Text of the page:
Golfers Shine for Locals (As
appeared in the Flagship)
the last year or two, many of us have read or heard about
the tremendous progress being made by Vanderbilt's men's
and women's golf teams.
few weeks ago, the Commodore men won the Navy Invitational
in a 27-team field. Last year the women were ranked in the
Top 20 much of the season. Brandt Snedeker had a sizzling
round at a tournament. Meredith Ward or Nicki Cutler did
something special at this event.
until mid-September, all the events were far from Music
City. That changed with the inaugural Mason Rudolph Championship
at Vanderbilt's own Legends Club of Tennessee.
last-minute transportation complications couldn't keep 14
excellent women's teams and 12 men's teams from making their
way to the beautiful Franklin course for the only tournament
in the nation that could run both a men's and women's championship
Mother Nature cooperating beautifully, the scores were low
and the play was excellent.
are still talking about the women's team battle between
long-time power Ohio State, rated No. 14 in the year's first
poll, and the Commodores, rated 16th, who distanced themselves
from the field after the second round.
paced by Cutler's school record 68, broke its own team record
by eight shots in firing a four-under par composite score
to edge ahead of the Buckeyes after 36 holes.
of our team goals this year was to shoot under par as a
team for a round," Coach Martha Freitag explains. "It's
a good thing we set some very aggressive goals because we
accomplished this one on the first day of our season."
Meredith Ward, one of the few seniors on this youthful team,
recalled the "old days" of just three years ago.
I was a freshmen I hoped we would become competitive," the
Crystal Lake, Ill., product says. "We have come so far in
three years. Mallory Crosland (former teammate) called and
I was telling her how different things are than just two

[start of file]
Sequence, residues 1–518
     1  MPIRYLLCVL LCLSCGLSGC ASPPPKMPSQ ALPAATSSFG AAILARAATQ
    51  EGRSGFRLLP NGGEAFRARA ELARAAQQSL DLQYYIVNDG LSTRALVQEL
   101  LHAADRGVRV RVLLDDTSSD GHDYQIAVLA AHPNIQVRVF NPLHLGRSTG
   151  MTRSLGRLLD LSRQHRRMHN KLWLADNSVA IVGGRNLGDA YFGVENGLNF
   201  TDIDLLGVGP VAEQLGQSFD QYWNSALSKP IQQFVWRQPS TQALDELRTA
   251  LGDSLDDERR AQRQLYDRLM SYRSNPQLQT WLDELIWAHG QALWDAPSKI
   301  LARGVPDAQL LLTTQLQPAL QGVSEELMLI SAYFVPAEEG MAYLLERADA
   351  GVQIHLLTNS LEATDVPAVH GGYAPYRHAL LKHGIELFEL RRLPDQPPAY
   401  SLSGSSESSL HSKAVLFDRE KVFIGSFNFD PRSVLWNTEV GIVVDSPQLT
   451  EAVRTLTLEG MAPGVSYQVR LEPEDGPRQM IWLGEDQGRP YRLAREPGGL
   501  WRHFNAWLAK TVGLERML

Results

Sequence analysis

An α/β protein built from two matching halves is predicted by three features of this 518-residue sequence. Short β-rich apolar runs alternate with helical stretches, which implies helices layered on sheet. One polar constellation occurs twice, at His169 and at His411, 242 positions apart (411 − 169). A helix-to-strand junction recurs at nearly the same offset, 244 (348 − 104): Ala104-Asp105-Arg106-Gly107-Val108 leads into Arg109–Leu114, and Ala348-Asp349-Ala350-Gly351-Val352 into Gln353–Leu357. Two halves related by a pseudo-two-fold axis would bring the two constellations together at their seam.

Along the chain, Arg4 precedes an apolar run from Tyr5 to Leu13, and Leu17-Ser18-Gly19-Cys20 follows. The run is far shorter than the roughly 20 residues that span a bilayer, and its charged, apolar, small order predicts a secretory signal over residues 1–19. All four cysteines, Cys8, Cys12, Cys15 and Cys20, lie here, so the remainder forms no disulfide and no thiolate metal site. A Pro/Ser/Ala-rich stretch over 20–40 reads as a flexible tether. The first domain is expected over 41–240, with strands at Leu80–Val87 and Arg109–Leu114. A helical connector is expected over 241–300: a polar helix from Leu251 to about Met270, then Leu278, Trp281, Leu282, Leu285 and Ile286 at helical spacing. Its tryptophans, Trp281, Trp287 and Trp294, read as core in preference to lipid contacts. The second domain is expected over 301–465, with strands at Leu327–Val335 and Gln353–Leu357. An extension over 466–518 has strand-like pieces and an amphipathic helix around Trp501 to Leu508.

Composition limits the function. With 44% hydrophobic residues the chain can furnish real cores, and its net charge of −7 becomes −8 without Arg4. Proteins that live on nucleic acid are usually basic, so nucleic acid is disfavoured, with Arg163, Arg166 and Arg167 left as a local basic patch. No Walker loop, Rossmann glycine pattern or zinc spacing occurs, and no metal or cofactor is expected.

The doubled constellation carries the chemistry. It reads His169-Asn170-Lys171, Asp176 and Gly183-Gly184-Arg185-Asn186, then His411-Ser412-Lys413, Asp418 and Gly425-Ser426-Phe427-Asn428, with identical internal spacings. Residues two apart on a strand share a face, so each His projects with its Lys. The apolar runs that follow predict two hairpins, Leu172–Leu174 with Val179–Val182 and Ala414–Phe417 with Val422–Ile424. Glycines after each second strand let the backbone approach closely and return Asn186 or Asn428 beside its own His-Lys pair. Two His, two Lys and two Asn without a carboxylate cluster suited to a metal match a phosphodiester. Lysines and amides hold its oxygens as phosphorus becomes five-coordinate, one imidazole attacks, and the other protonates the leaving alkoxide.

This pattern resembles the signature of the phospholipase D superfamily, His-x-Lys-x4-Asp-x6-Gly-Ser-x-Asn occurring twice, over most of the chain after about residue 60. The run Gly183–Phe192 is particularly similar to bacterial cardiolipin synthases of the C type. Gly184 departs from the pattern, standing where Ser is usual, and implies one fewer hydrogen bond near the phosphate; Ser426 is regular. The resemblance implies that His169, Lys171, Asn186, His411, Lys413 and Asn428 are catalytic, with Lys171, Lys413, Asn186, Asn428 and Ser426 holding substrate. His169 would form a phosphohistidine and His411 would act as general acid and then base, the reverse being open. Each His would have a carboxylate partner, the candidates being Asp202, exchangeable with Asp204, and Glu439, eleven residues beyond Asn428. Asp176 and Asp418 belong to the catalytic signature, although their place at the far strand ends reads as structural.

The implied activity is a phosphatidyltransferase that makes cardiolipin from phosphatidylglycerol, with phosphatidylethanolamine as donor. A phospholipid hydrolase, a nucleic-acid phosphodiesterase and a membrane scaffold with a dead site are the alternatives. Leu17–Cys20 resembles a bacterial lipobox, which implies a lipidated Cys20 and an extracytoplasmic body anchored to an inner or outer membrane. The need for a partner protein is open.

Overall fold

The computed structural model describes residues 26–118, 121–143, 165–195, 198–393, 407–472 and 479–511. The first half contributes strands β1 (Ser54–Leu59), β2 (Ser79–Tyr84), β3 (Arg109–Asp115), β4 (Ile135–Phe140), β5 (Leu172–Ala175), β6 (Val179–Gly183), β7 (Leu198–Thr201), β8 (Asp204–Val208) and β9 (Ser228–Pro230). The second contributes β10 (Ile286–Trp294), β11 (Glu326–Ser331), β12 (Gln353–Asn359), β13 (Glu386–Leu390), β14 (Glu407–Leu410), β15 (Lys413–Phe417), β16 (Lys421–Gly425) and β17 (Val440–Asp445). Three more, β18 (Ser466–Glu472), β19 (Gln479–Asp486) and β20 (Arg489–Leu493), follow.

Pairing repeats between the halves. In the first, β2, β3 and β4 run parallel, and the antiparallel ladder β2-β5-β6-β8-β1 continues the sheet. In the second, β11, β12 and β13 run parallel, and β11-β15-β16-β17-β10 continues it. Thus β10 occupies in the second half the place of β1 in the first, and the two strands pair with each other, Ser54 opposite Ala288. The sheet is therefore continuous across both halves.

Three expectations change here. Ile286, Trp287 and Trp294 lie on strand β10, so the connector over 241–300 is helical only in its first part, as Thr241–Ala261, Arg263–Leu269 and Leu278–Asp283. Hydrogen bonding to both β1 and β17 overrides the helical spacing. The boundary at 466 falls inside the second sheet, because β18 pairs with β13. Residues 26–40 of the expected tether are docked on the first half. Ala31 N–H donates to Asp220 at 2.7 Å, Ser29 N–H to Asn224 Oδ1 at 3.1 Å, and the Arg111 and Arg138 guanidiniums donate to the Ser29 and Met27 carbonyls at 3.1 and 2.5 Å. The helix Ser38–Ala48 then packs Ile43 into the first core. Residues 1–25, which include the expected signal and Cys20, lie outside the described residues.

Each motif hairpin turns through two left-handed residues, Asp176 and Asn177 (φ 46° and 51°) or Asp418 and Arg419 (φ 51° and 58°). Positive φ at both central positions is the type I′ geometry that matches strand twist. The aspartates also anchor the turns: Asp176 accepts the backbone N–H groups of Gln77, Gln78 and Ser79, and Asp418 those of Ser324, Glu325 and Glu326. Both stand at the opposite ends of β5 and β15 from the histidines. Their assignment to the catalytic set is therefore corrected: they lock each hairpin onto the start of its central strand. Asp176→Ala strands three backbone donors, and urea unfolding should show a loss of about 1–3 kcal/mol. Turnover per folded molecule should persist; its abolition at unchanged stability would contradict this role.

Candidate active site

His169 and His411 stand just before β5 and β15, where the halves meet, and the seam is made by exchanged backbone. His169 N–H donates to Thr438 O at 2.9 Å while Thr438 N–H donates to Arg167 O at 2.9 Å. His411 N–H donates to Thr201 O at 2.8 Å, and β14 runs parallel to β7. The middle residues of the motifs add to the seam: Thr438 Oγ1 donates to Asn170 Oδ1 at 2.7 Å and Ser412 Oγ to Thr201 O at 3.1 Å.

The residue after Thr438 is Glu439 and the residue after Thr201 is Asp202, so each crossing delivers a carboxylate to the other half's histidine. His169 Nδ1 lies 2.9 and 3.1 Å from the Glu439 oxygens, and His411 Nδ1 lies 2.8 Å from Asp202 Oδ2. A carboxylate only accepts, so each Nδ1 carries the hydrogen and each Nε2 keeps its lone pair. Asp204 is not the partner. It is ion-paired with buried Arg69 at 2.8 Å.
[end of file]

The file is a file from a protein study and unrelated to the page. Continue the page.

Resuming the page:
years ago. We have so much potential and will only get better
Kirkland and I were talking about our freshmen year," Ward
continues. "We would have been ecstatic to have a day when
everyone broke 80. We broke 300 once in Memphis and you
would have thought we had won the NCAA championship. It's
different now. Each year I can see an increase in the amount
of work I've done. We have people pushing us. We always
have four strong scores. We have depth. We have 10 players
instead of six. I know if my play slips there is someone
waiting for a chance."
just a junior, exploded on the scene last year and is one
of the country's top collegians. The easy-going Coloradoan
knows there are great possibilities.
have good upperclassmen leadership and one thing we are
talking about right now is that we can raise our expectations,"
Cutler says. "We have a more complete team. The work we're
going to do on a daily basis is going to be the thing. When
we go to a tournament, we're going to play it one shot at
a time. If we do that, we'll play the way we want to play.
very fun to be on a competitive team; one that on a given
day is as good as anybody else in the country. Now we just
have to go out there and do it." It's not just the girls
who want to have fun, to borrow a pop music phrase. The
Commodore men are mixing a bit of the old with a lot of
the new and the results are also obvious.
junior Brandt Snedeker has already put in some torrid rounds
and he's off to a swift start this fall. He struggled to